Australia on Tuesday finalised plans to make Facebook and Alphabet’s Google pay its media outlets for news content, in an effort to protect independent journalism.

In April, the government announced plans to force internet firms to share advertising revenues earned from news content featured by their search engines. Google and Facebook protested the move.

Under the new law, the companies would have to negotiate with local publishers how much they pay for content that appears on their platforms. If they cannot strike a deal, a government-appointed arbitrator will decide for them.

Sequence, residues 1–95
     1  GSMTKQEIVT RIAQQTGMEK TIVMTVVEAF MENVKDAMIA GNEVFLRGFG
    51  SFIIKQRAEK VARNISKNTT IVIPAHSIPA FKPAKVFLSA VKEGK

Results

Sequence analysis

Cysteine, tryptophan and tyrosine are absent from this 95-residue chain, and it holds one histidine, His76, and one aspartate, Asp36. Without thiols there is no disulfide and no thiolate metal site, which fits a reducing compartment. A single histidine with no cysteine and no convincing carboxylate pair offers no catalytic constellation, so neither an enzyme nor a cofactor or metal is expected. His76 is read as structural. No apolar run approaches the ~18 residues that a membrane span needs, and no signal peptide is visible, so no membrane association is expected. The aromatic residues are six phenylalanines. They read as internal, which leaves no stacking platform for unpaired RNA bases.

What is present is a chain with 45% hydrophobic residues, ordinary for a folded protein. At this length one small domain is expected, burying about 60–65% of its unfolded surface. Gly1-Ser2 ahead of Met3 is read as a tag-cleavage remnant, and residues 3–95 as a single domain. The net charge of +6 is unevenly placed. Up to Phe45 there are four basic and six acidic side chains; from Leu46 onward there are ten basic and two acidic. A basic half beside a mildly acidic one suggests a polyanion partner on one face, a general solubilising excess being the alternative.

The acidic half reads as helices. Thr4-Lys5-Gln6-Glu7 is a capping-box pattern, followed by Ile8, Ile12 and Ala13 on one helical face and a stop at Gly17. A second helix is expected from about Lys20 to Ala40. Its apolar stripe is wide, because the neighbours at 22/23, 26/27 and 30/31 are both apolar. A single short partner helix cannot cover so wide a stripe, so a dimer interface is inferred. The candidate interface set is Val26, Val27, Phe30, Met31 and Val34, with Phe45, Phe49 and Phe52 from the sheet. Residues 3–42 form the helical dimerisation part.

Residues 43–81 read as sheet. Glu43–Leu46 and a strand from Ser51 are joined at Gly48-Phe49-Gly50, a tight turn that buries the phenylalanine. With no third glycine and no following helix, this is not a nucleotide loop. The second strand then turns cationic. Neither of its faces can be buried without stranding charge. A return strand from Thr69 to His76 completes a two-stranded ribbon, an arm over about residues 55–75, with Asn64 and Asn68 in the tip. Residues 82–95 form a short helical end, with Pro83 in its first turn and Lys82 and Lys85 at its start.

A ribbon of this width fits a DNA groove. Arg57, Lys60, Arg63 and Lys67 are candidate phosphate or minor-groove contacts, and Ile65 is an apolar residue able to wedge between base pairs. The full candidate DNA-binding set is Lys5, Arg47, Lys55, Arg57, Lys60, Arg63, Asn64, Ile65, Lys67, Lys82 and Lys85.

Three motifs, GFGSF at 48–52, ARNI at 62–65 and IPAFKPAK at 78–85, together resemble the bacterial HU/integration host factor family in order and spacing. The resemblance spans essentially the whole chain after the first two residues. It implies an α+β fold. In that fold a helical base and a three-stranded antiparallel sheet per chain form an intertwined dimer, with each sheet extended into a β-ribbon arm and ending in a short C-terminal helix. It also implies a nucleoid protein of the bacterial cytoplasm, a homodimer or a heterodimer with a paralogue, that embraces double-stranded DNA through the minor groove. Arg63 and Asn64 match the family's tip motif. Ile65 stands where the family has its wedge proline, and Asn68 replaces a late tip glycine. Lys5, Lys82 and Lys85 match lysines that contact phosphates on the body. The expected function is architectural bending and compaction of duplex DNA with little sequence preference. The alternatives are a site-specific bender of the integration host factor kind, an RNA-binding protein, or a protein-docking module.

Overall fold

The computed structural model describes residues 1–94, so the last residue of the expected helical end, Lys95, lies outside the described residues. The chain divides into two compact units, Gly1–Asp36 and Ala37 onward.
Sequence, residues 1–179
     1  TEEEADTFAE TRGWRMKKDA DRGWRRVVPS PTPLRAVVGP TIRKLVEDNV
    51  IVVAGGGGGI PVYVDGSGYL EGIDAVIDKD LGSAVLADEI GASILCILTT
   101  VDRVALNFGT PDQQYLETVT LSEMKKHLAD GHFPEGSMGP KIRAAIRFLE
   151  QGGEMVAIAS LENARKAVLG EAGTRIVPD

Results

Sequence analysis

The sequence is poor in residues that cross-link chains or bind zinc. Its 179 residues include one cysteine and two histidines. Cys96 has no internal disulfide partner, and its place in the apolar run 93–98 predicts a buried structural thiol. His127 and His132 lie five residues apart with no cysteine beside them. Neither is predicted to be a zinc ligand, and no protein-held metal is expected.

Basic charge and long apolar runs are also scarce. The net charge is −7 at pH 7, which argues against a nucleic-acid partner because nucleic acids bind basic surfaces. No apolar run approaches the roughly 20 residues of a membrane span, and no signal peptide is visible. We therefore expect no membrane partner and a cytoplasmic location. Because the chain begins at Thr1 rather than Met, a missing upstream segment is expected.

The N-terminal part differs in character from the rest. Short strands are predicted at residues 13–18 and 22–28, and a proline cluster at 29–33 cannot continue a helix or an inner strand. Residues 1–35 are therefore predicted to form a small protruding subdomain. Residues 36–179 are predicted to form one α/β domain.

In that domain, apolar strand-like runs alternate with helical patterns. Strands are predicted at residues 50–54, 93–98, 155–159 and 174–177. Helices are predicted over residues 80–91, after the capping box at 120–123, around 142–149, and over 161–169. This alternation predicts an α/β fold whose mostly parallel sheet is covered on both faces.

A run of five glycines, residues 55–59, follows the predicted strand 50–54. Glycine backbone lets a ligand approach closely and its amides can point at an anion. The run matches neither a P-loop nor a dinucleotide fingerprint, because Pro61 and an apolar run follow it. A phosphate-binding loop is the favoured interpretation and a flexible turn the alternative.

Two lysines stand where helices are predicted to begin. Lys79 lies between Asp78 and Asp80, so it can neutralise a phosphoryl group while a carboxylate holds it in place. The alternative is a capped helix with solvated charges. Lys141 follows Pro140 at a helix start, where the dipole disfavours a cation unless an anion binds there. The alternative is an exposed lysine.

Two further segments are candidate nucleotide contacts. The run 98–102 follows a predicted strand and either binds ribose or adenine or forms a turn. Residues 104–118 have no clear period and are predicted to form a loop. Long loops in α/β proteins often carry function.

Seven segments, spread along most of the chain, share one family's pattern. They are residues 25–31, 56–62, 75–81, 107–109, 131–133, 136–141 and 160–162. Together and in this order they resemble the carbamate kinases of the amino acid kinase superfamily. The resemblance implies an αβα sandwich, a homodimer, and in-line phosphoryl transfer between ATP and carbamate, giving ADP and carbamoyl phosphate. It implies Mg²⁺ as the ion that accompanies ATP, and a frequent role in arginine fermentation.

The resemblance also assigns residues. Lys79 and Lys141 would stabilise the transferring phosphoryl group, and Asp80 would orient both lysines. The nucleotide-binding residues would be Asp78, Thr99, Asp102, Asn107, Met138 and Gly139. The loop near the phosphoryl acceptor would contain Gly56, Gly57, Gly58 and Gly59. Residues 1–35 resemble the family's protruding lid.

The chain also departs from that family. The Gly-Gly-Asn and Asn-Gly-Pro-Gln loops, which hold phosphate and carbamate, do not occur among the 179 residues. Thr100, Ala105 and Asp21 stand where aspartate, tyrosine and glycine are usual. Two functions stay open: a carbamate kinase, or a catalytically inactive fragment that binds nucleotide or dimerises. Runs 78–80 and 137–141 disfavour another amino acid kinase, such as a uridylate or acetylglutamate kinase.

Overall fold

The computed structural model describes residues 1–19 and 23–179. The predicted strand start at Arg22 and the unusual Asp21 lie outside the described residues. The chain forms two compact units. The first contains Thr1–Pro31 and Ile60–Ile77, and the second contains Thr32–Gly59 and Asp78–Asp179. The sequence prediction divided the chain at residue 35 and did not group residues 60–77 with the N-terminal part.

“This is a huge reform, this is a world first and the world is watching what happens here in Australia. Our legislation will help ensure that the rules of the digital world mirror the rules of the physical world … and ultimately sustain our media landscape”, Treasurer Josh Frydenberg said.

Facebook Australia managing director Will Easton said Tuesday that the company would review the legislation and “engage through the upcoming parliamentary process with the goal of landing on a workable framework to support Australia’s news ecosystem”.

An estimated 17 million Australians spend an average of 30 minutes on Facebook a day, while 98% of Australian mobile searches use Google.


Please enter your comment!
Please enter your name here